From Dr. Jane's Notebook

Toxic interaction patterns traced to sibling rivalry

Judith Viorst in her book titled Grown-Up Marriage describes toxic interaction patterns between us and the people in our lives as forms of sibling rivalry that we learned in childhood. For most of us, our families of origin were the training grounds where we learned to negotiate, fight, and survive. Hopefully, they were also the places where we learned to communicate, cooperate, and compromise. Later on as adults, when we try to unravel the ropes of our disagreement, it is may be helpful to think back upon our earlier patterns of communication. Here are a few more thoughts on the matter.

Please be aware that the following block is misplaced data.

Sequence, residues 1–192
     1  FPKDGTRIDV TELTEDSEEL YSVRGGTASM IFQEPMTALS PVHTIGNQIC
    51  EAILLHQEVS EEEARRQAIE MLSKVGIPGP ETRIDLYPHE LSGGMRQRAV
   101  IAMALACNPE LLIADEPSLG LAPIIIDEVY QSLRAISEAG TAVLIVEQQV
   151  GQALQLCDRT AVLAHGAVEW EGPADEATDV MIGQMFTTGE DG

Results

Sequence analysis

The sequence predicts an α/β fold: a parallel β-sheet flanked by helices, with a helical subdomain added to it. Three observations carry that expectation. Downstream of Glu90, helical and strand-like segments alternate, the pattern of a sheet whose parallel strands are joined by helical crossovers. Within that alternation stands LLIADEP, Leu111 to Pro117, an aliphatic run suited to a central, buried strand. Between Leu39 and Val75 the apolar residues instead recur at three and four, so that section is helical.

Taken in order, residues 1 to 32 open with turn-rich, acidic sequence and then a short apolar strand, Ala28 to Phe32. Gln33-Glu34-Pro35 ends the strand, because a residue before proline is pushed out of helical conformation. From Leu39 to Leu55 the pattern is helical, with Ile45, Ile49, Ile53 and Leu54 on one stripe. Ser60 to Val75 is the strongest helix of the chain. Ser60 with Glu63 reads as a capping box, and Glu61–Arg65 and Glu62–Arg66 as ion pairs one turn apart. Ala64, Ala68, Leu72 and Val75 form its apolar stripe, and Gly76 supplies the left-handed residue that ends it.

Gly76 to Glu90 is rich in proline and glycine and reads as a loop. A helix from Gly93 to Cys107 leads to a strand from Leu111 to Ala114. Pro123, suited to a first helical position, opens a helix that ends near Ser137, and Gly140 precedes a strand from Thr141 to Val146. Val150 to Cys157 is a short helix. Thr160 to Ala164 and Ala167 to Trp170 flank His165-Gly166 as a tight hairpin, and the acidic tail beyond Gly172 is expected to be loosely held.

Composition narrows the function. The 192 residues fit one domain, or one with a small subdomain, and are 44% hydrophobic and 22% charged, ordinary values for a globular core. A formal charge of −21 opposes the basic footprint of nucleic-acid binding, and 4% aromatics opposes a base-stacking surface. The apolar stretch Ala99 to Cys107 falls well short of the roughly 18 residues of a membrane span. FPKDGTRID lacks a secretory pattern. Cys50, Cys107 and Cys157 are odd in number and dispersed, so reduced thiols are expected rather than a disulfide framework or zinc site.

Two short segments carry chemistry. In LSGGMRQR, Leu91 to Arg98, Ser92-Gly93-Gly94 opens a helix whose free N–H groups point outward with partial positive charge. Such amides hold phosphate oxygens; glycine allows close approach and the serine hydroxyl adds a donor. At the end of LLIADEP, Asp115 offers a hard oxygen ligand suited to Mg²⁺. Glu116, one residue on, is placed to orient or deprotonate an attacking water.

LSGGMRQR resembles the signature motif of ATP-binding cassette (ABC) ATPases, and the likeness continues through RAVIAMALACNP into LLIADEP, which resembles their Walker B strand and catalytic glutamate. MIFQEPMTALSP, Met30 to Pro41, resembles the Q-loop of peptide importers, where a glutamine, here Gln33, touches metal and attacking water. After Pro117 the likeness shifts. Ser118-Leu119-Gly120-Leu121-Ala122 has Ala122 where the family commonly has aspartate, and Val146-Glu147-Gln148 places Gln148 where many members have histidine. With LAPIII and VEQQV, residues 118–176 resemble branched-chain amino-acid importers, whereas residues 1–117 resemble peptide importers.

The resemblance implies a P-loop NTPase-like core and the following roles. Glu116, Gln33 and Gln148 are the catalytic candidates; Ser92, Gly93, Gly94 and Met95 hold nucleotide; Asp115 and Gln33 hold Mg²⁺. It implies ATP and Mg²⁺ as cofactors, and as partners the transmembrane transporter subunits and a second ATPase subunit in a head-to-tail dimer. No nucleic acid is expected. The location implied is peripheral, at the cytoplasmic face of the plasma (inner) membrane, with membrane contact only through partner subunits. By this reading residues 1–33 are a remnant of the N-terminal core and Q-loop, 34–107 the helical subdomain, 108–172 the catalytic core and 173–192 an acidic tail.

As grown ups, we have the opportunity to function as a complementary partners. Even if we always got our own way as children, we do not have the right to make all the rules, and we do not have the right to punish each other. Unfinished business from childhood can last a lifetime if we let it.

©Copyright, 2004, Jane R. Rosen-Grandon. All rights reserved.

Return to Family Relations

Return to Table of Contents